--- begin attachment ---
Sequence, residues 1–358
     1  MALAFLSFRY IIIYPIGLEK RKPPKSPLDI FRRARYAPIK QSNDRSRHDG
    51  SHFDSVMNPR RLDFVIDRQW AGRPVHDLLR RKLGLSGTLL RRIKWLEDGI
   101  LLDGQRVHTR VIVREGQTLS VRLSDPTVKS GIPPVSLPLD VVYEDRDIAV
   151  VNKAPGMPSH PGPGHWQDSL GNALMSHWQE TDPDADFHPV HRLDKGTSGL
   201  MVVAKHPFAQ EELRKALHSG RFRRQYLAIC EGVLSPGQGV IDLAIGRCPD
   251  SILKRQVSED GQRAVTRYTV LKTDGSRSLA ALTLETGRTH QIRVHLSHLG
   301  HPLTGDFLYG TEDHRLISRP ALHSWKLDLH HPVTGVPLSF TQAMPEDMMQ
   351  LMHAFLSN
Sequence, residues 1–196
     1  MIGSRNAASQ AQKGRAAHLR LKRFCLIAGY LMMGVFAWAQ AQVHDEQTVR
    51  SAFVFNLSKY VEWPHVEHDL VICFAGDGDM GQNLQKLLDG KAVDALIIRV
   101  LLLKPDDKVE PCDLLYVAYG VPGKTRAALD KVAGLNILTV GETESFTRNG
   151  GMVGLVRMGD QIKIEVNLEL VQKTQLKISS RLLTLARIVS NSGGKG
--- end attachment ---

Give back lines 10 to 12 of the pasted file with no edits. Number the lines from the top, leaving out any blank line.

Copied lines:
Sequence, residues 1–196
     1  MIGSRNAASQ AQKGRAAHLR LKRFCLIAGY LMMGVFAWAQ AQVHDEQTVR
    51  SAFVFNLSKY VEWPHVEHDL VICFAGDGDM GQNLQKLLDG KAVDALIIRV